Thursday, March 10, 2016

Last Days and the Resurrection of the Dead I:
Quantum Cosmology and Quantum Logic*

The Resurrection of Christ
James Tissot (Brooklyn Museum)
Now if Christ be preached that he rose from the dead, how say some among you that there is no resurrection of the dead?
But if there be no resurrection of the dead, then is Christ not risen:
And if Christ be not risen, then is our preaching vain, and your faith is also vain.
Yea, and we are found false witnesses of God; because we have testified of God that he raised up Christ: whom he raised not up, if so be that the dead rise not.
 For if the dead rise not, then is not Christ raised:
And if Christ be not raised, your faith is vain; ye are yet in your sins 1 Cor:13-17 (KJV)

"So the same combinations of atoms, the same space volumes corresponding to human bodies, cars, buildings and so on, will come again.   All events in spacetime will be reorganized or 'resurrected'  but not in such a way that they will be in time...It is not that the dead will arise from their graves, as it were, but rather sets of events of any life can arise again,  together with the consciousness of those who were alive." Andrej Grib,  'Quantum Cosmology: Observer Logic' in Quantum Cosmology and the Laws of Nature--Perspectives on Divine Action**

INTRODUCTION

Easter, when we celebrate the Resurrection of Jesus Christ, will soon be upon us, so it is appropriate to reflect on that resurrection and on the one which will be given to us, as Paul said in his letter to the Corinthians.   It is an article of faith for us as Catholics that we will be resurrected and that we will be judged on the Last Day.  Could there possibly be a basis for that belief in contemporary science?   Possibly, although as I will comment below, in the last analysis Revelation is more convincing than science.

A Russian mathematician, Andrej Grib (who is, I believe, a devout Christian), has  speculated on this possibility in an article in Quantum Cosmology and the Laws of Nature.   I'll attempt to summarize some of his novel ideas about how quantum mechanics is to be interpreted, what that means in terms of cosmology, and finally how it suggests the possibility of resurrection.

QUANTUM MECHANICS REQUIRES AN OBSERVER

Grib's fundamental thesis (relying on early interpretations of quantum mechanics by Von Neumann and London) is that quantum mechanics requires a measurement process and thus an observer must be the final link in the measurement chain,  in order that the measurement be meaningful.
"In the end the final observer is just the  abstract ego of the observer--the one who is the subject of observation [i.e. the one who observes]...So it is this abstract ego which is responsible for the collapse of the wave function.  This is a strong form of the subjective interpretation of quantum mechanics." Andrej Grib,  op. cit. , p 169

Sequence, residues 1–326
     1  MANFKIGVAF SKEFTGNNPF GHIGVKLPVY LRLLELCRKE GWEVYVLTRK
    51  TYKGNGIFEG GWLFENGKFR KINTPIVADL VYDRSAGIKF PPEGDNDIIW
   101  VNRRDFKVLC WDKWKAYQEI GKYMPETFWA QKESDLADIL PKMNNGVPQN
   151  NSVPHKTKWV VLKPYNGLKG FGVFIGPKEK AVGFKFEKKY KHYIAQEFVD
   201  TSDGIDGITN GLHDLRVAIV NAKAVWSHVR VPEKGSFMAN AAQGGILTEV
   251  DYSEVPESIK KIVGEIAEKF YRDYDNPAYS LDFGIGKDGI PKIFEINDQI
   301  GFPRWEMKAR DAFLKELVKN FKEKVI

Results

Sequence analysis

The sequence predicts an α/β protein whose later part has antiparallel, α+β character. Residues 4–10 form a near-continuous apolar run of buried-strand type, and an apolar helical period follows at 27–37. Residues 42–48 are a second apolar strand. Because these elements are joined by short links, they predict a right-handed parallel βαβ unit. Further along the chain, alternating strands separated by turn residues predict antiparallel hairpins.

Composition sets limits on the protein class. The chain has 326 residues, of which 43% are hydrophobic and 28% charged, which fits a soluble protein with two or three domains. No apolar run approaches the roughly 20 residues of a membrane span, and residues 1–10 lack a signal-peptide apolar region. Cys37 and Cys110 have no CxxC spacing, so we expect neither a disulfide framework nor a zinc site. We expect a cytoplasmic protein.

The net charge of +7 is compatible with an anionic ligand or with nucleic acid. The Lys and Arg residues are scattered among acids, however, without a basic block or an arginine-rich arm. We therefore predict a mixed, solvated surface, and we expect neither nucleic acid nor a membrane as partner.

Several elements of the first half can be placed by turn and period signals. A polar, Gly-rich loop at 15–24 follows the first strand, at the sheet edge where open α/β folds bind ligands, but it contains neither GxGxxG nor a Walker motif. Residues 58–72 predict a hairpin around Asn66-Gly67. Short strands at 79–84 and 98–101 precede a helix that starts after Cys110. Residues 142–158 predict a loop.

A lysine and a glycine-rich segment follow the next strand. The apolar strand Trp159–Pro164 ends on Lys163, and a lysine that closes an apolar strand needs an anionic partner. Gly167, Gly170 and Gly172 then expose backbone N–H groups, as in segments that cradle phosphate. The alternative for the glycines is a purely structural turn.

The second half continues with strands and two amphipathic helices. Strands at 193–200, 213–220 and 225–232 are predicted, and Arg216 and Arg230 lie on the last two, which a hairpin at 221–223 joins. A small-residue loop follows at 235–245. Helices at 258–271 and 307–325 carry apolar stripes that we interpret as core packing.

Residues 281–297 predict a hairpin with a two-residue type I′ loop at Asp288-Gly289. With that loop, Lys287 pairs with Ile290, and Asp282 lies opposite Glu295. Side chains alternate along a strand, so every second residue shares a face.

Accordingly, to speak of the wave function of the universe without specifying a measurement or an observer to make that measurement is "very bad philology" (to quote Grib), that is to say, contradictory to implicit assumptions on which quantum mechanics is based.***

Grib then links what appear to be puzzling features of quantum mechanics-- the uncertainty principle that says we can't get exact simultaneous measurements on complementary variables, the wave-particle duality, the entanglement of particle shown in Bell's Theorem experiments--to the following.  The human mind operates by Boolean logic, whereas the universe in fundamental reality is governed by a non-Boolean logic, a quantum logic, which I'll discuss below.

QUANTUM LOGIC****

Quantum logic violates the distribution law of Boolean logic.
Consider events or logical statements A, B, C.    The Boolean distribution law says A*(B+C) = A*B + A*C, or in words,
[A and (B or C)] =  (A and B)  or (A and C)
where "and" , "or" are logical conjunctions.   (See this link for a nice illustration applied to circuit theory.)

But in quantum logic, that equality does NOT hold.    What does this means, physically?

Boolean Logic--Newtonian Physics
from Wikimedia Commons

Quantum Logic--Particles as Waves
From Wikimedia Commons
Consider the double slit experiment, shown in the illustration to the left ("Boolean Logic").   If a beam of particles passes through the two slits and behaves according to classical physics you'd expect two spots on the detecting screen, more or less opposite each slit.     Now suppose you have quantum behavior ("Quantum Logic) as shown in the illustration to the right.  You have a beam of particles--photons, electrons (whatever!)--passing through the two slits.  If one takes A to mean a particle hits the screen, B that it has passed through the upper slit and C that it has passed through the lower slit, then the classical experiment would have particle passing either through the upper slit and hitting the screen more or less opposite that slit (A and B), or passing through the lower slit and hitting the screen more or less opposite that slit (A and C).   But that is NOT what happens.   Instead you get each individual particle behaving as if it were part of a wave and "knew" about both slits.